Dave Bittner: [00:04:29:22] Norse Corporation’s main website is still dark. Although its DarkMatters news page and labs site were online today. Forbes comments on what had caused the chaos left for presumably former employees, quoting Norse's CTO as rather surprisingly saying he doesn't know whether they're still in business. Forbes also notes the investment KPMG Capital made in Norse this past autumn. And CSO offers what it calls a deconstruction of Norse reports on Iranian cyber operations. It sees such reporting as a cautionary tale of what can happen at the intersection of marketing and tendentious analysis.
Dave Bittner: [00:05:05:02] And we conclude with some news on trends from the cybercriminal Underground. With the big losses businesses report when they're hacked, aspiring cyber gangsters might imagine that cyber crime is a royal road to riches. But not so. As is usually the case, crime is less lucrative than fantasies of greed suggest. A Ponemon Institute study commissioned by Palo Alto Networks, paints a familiar picture of crooks taking the obvious lowball score, when they could really earn more money with an actual, legitimate job. The comparison with street drug sales is obvious. The retailer runs huge risks with very little prospect of reward. Not that we're encouraging IT departments to hire criminals, or for that matter, discouraging them, but really, you'd be much better off working at a help desk than trying to set up as a behoodied crime lord.
Dave Bittner: [00:05:50:22] The study suggests the typical cyber crook gets a bit less than $29,000 a year for an average of 705 hours of work. Granted the 705 hours isn't full time, but the pay is still not great.
Dave Bittner: [00:06:03:15] We're reminded of the scene in Donny Brasco where Pacino's character is trying to break open a parking meter to get at quarters. The wages are low and really you're going to break your parent's hearts.
Dave Bittner: [00:06:14:20] This CyberWire podcast is brought to you by the Digital Harbor Foundation. A non-profit that works with youth and educators to foster learning, creativity, productivity, and community through technology education. Learn more at Digital Harbor dot org.
Dave Bittner: [00:06:34:17] Joining me is John Petrik, editor of the CyberWire. John, let's talk hacktivism, it comes up in the CyberWire fairly regularly. So what is hacktivism?
John Patrick: [00:06:42:19] Well you know what hacking is, right? Well a hacker is someone looks for and exploits weaknesses in computer systems or networks and typically, someone who does it illegitimately or illegally. There can be white hat hackers who are legitimate, vulnerability researchers. And there can be black hat hackers. Usually when people say hacker they're typically talking about a black hat. So what's a hacktivist? There are all kinds of people who take action against computer systems and networks. They can be classified by their motivations. A state intelligence service might hack for purposes of espionage. A cyber criminal has obvious criminal motives. What are they doing? They're looking to steal identities, they're looking to steal money, they're looking to extort ransoms, things like that. A hacktivist is someone who isn't motivated by money and who's not directed by his state. A true hacktivist is motivated by political or religions or ideological considerations. That's a hacktivist.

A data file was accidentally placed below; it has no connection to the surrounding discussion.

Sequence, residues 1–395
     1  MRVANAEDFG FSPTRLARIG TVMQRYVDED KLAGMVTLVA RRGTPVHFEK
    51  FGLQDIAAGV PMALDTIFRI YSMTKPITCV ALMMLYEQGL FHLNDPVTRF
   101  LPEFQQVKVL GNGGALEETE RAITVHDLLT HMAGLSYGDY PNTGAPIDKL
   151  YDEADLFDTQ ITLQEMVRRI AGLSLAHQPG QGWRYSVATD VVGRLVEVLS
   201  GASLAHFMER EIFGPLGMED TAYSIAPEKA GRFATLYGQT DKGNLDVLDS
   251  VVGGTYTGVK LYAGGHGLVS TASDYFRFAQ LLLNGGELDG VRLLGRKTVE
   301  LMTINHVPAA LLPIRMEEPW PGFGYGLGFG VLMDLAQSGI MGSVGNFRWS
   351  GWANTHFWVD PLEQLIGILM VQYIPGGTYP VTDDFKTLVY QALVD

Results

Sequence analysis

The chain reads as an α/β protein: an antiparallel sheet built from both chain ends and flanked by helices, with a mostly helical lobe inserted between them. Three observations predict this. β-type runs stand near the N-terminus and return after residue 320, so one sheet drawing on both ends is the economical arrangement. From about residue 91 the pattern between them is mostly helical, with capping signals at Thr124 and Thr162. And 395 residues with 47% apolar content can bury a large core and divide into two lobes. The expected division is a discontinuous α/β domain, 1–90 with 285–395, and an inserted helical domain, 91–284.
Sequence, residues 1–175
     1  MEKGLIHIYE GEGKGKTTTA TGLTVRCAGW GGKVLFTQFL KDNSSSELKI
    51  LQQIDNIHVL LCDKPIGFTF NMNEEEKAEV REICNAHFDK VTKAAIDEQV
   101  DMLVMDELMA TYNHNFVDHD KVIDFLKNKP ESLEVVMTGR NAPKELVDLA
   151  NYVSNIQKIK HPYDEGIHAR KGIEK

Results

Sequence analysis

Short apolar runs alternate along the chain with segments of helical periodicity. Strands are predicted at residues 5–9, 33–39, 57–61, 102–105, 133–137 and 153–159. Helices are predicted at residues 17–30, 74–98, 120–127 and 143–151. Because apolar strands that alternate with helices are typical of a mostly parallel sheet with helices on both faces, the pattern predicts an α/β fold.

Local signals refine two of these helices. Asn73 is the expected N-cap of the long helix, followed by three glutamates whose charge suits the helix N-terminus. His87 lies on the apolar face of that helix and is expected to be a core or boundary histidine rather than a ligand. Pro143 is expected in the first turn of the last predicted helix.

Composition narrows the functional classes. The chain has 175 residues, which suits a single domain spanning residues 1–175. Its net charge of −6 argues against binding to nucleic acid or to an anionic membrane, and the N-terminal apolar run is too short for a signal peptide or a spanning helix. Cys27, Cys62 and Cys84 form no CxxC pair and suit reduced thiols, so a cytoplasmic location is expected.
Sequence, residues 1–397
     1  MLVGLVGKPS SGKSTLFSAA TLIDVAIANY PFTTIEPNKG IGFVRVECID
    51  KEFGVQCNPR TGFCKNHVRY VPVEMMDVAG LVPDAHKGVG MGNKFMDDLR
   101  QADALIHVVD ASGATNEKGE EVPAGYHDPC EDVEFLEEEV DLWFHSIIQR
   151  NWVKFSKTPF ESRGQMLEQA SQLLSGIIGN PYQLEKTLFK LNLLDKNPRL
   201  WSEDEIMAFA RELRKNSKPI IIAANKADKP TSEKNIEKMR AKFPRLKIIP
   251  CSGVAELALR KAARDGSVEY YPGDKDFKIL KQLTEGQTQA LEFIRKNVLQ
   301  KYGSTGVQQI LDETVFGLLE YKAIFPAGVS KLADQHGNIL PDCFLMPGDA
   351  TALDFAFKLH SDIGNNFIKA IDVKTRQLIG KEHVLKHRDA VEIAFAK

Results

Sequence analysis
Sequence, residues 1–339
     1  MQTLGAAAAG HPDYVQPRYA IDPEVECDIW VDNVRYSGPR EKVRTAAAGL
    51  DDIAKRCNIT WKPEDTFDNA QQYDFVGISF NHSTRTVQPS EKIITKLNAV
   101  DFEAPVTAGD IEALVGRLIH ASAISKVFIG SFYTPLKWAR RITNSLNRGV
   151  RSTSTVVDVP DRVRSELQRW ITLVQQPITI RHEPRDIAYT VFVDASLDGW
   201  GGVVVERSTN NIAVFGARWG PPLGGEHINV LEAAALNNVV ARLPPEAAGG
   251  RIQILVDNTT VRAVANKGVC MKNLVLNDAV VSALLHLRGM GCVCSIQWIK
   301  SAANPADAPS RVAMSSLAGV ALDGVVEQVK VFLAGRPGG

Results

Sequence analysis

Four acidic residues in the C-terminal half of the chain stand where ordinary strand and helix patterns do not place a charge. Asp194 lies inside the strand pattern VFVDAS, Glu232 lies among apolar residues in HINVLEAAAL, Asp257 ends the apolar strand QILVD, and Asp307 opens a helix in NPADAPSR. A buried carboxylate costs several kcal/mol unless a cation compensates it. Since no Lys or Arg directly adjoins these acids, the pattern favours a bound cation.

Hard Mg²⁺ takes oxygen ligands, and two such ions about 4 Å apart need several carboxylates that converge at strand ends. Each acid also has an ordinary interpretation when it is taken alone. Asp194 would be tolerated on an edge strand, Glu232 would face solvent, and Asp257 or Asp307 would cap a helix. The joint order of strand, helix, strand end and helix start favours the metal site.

Dave Bittner: [00:07:42:08] What's the general view of hacktivists? Are they looked at as being a force for good or bad, or does it depend?
John Patrick: [00:07:52:21] It depends on what you mean. And if you look around the world you'll see different cyber riots going on all the time. There's a lot of cyber rioting in South Asia and you see what people call patriotic hacktivism going on with people swapping hacks between Armenian and Azerbaijani.
Dave Bittner: [00:08:13:03] What is a cyber riot?
John Patrick: [00:08:15:20] A cyber riot is like a riot, but conducted in cyberspace. It's when you've got a lot of disorganized people running around, breaking things, looting, causing disorder. That's a riot. And a cyber riot is doing that in cyberspace. So if you've got a lot of people defacing websites, breaking into databases, things like that and they're not doing it for any kind of obvious criminal motivation or under any central state direction, that's probably a cyber riot. And it's blurry, because just as you have people who riot to protest or to break things, you've also got people who are running along behind the other rioters looting from stores. The same things happen in cyber rioting.
Dave Bittner: [00:09:03:14] John Petrik, editor of the CyberWire, thanks for joining us. We'll talk again soon.
Dave Bittner: [00:09:09:14] And that's the CyberWire. Happy Groundhog Day. We hear from Punxsutawney that Phil did not see his shadow. No shadow be cast and early spring is forecast. Or something like that. At any rate cheers to all of you up on gobblers knob. For links to all of today’s stories, along with interviews, our glossary and more, visit the CyberWire dot com. If you enjoy the CyberWire podcast please go on iTunes and review the show. It really does make a difference and helps us spread the word. Thanks.
Dave Bittner: [00:09:37:17] CyberWire podcast is produced by CyberPoint International and our editor is John Petrik. Thanks for listening.